Index of Refraction:  The index of refraction is a number that corresponds to the amount of bending that light will experience when traveling from one medium to another.  The larger the differences in the refractive index, the more bending we get.  For us, the more the light bends, the closer the focal point and the higher the magnification.  Unfortunately, water and/or ice aren't the best materials for lenses.

Material Approximate Index of Refraction
Air Close to 1
Glass 1.5 to 1.9
Water 1.33
Ice 1.3

If we compare the indices of  refraction, we see that Ice has the smallest number.  Therefore, if we were to build two lenses identical in size and shape, one made from glass and one made from water, the lens made of glass would have higher magnification and would do a better job at starting a fire.  To make an ice lens with the same magnification necessitates that we increase the curvature.

The conclusion - everything points to our ice lens needing to have as much curvature as we can give it in order to be effective.  A "flat" lens - even if it is big, has very little chance of success.

How to Predictably Make a Good Lens "in the field"

When I tried to make lenses by hand, even though I thought that I knew what a good spherical lens looked like - I was usually wrong.  Since the lens we are trying to make has a spherical shape, if we go back to math class, we can define a sphere as a surface that is defined by a constant radius.  So, let's go build something that does this in the bush!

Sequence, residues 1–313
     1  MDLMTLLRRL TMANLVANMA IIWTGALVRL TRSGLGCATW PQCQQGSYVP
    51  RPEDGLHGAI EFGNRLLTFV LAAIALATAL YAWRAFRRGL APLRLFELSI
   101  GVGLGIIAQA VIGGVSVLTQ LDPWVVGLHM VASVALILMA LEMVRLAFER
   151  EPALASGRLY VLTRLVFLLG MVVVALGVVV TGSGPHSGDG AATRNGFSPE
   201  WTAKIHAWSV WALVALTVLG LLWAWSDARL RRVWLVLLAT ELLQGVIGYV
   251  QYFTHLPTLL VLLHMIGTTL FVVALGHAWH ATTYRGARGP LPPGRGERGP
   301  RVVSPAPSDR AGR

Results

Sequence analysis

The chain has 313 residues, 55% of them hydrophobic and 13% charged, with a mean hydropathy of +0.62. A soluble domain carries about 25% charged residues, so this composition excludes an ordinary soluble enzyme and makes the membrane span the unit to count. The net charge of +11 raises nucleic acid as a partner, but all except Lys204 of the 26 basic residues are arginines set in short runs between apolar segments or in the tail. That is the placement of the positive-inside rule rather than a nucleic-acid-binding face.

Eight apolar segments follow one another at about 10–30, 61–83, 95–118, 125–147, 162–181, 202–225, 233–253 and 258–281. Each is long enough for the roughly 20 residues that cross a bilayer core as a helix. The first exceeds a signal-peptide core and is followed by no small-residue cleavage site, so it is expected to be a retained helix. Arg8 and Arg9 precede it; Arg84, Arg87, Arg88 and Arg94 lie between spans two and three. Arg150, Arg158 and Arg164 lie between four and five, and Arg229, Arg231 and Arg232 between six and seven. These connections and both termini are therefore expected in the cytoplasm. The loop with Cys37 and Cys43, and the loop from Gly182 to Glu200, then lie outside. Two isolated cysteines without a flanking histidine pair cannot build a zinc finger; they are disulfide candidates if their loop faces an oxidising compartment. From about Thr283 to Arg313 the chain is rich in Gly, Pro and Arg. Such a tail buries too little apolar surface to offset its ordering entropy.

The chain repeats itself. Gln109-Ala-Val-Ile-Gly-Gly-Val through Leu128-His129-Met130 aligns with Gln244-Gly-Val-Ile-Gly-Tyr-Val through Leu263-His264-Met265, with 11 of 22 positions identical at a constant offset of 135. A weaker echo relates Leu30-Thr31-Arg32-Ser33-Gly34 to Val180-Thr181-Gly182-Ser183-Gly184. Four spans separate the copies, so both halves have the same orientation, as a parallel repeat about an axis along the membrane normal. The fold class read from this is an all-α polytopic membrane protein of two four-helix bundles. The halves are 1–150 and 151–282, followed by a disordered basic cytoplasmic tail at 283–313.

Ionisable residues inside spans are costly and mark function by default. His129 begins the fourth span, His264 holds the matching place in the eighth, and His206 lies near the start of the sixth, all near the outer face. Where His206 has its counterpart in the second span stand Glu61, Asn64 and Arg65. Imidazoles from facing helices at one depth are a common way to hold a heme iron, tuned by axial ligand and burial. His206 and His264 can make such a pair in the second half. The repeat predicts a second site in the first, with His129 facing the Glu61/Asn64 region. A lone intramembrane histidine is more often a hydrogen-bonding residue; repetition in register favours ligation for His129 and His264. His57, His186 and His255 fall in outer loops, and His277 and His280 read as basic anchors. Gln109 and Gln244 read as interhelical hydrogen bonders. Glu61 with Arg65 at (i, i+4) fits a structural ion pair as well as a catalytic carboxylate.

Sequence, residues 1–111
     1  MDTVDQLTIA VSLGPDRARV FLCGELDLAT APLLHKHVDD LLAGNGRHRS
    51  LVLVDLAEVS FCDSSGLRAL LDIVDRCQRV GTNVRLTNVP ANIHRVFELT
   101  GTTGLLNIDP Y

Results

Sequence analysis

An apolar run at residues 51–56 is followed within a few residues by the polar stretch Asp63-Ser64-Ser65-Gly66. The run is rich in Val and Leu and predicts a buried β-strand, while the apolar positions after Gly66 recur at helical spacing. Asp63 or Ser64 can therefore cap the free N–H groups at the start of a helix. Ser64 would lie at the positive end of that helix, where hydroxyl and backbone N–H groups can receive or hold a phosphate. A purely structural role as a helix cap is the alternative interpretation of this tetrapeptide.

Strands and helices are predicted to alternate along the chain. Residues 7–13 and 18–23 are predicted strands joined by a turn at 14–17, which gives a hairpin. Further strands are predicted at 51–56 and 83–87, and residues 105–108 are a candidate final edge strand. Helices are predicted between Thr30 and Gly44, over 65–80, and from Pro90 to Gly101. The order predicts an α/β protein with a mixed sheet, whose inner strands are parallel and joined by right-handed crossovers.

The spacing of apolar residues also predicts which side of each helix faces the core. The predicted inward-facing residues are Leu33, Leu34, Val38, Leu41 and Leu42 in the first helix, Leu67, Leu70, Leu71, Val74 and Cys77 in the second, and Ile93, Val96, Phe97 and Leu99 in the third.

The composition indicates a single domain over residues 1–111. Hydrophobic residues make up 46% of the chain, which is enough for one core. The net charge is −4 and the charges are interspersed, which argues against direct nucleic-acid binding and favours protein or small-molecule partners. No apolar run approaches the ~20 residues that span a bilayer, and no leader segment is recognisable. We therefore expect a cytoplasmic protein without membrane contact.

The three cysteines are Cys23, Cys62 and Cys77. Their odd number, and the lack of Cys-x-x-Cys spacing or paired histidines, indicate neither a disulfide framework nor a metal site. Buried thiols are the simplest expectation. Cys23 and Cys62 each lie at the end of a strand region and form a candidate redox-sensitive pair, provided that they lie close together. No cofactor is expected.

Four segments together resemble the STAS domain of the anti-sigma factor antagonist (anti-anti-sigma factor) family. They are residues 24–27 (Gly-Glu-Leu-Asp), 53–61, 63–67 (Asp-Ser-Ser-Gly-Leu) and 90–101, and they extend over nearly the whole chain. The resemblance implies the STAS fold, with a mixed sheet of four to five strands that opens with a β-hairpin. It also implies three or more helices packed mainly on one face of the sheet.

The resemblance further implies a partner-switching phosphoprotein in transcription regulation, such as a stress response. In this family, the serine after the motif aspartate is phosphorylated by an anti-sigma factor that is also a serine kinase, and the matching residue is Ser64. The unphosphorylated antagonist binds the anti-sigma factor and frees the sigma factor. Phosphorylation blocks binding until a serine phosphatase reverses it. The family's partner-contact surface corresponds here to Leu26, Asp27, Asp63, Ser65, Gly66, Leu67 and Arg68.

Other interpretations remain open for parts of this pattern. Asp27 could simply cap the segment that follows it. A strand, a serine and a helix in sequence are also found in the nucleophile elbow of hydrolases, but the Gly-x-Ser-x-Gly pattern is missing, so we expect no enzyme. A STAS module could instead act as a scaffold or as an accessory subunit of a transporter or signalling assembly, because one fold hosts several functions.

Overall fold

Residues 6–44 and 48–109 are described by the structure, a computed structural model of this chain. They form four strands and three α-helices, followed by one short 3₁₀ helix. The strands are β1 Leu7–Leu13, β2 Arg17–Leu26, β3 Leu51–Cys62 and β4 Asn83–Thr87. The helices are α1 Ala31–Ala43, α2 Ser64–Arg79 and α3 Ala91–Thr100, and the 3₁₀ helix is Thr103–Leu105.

First I made a draw-knife from a sheath knife and a piece of branch.  Next, I shaped the end of a log to leave two "ears."  I added a nail to each ear.  With some string, I had a setup as in the photo.  Image pulling the knife to the front of the picture.  It will follow a radius defined by the length of the sting.  The nails define an axis for our "virtual" sphere.

After each stroke of the knife, the ice "blank" is rotated a few degrees and shaved again.  This process is continued until one has a lens.

It is important to note that to take off more ice, one needs to raise the ice.  Do not shorten the string.  If the string is shortened, then we have defined a new curvature.  Instead, place something under the ice.

This photo shows the lens with one side done, and the other side partially done. In this case, I used a glove to shim up the lens.  One could also use snow etc.  It is not necessary to have the same curvature on both sides of the lens.
With a bit of bare hand polishing, I had my lens.

This photo shows the lens lighting a piece of tinder fungus.

It took only a second or two for the tinder to light.


Note how aggressive a curvature was used on one side of the lens.

Note also the fracturing that you can see in the ice.  On a warm day, the ice deteriorates rather quickly.